As I was watching the memorial services for former President George H.W. Bush I was struck by how many people, regardless of their political affiliation, commented on the fact that he was a true gentleman and that one of the manifestations of that was his prolific writing of personal notes and letters. These characteristics were clearly appreciated and made a big impact on his friends, family, and colleagues. This reinforced for me how important written communication skills still are in contributing to our perception of others. The old adage “you only get one chance to make a first impression” still holds true. That first impression often comes in the form of a cover letter, a resume, or even an email.
As you may know, I teach a graduate-level class on the commercialization of biomedical diagnostics. I’ve noticed that in the modern era of sound bites, texts and emojis, the art of communication in general and business writing, in particular, seems to have lost some of its perceived importance. Even taking advantage of tools such as grammar and spellcheck seem to have fallen from favor. As I see with some of my students, too often poor or sloppy writing habits get in the way of communicating good ideas. Sadly, persuasive writing (beyond 180 characters) and public speaking are becoming lost arts. This, often invisibly, costs companies a lot of money and may cost individuals that great new opportunity.
Josh Bernoff wrote a piece for The Daily Beast titled, Bad Writing Costs Businesses Billions. The article includes an amazing statistic; bad writing costs U.S. businesses as much as $400 billion every year. According to Bernoff, American workers spend nearly a quarter of their day reading, but much of that time is wasted because the material is poorly written.
Whether we acknowledge it or not, all aspects of communication – body language, eye contact, speaking and writing play an enormously important role on the impression we make in both our personal and professional lives. This is as important in lab science and healthcare as in any other business. Our proficiency to communicate well affects our ability to land the roles we want at the organizations where we want to work, as well as our professional advancement, our ability to lead a team, and our ability to influence shareholders, investors, and other important stakeholders. The fact is, we’re often judged on our ability to communicate and it is therefore an important skill to develop and constantly work to improve.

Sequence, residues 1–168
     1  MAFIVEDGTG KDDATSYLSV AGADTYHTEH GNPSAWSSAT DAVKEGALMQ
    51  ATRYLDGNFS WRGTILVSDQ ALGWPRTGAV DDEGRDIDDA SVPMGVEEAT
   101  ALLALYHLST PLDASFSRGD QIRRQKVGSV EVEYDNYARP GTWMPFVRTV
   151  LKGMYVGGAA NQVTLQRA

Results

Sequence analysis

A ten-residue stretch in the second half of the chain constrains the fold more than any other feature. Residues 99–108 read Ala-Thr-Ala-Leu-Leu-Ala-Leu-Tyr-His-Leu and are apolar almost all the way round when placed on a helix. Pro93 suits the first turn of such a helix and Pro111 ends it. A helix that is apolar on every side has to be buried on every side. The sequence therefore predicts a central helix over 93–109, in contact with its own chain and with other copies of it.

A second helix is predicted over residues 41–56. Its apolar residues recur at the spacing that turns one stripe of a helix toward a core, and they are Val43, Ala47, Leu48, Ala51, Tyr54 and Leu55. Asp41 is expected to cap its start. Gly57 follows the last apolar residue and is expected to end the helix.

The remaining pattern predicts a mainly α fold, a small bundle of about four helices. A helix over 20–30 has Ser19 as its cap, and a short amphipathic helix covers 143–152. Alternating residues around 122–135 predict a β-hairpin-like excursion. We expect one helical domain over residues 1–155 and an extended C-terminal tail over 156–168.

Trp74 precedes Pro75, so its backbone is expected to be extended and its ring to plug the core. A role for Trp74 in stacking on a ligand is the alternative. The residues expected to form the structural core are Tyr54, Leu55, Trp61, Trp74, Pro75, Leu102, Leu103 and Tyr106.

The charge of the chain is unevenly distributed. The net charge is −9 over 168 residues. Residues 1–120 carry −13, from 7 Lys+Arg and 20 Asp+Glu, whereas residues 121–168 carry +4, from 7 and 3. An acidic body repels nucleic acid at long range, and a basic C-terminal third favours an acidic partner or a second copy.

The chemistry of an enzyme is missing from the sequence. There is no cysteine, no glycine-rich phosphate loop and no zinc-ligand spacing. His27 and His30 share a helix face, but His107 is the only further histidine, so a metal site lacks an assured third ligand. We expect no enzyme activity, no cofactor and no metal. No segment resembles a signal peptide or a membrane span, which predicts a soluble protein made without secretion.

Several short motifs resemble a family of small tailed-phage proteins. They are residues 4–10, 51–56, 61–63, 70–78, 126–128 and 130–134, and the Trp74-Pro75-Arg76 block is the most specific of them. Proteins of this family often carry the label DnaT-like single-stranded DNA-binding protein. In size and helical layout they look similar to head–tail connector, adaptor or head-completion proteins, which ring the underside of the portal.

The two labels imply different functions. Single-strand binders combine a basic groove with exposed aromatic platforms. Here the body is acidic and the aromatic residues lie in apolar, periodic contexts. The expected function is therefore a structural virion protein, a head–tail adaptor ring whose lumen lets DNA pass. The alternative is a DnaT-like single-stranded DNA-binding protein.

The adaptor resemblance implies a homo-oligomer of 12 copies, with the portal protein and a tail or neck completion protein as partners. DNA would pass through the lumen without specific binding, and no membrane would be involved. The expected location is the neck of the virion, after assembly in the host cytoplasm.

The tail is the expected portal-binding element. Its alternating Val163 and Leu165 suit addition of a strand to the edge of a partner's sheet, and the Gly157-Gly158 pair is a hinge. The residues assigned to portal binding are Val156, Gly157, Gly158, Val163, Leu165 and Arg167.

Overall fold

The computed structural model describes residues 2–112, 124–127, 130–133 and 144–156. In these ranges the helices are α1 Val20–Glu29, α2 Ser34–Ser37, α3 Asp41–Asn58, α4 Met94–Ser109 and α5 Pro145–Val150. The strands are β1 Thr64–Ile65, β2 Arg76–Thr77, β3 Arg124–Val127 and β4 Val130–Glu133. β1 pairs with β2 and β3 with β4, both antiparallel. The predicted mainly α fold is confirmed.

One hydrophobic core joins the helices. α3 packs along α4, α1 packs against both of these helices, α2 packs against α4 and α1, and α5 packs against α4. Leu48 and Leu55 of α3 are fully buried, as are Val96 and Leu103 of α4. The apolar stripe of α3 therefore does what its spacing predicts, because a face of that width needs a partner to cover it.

The development of strong writing and speaking skills is actually a differentiator that we can use to set ourselves apart from peers. So, what can we do? We work on it – every day. Carolyn O’Hara, the Managing Editor of The Week, tackled this subject in the Harvard Business Review. Her piece, How to Improve Your Business Writing, is a practical approach with several good recommendations including “study good writing” and “cut the fat,” meaning avoid using three words where one word will do.
According to Bryan Garner, author of The HBR Guide to Better Business Writing, the good news is that “everyone has the capacity to improve.” Effective professional writing “is not a gift that you’re born with,” he says. “It’s a skill that you cultivate.” I encourage you to do just that. You’ll reap the rewards for the rest of your career.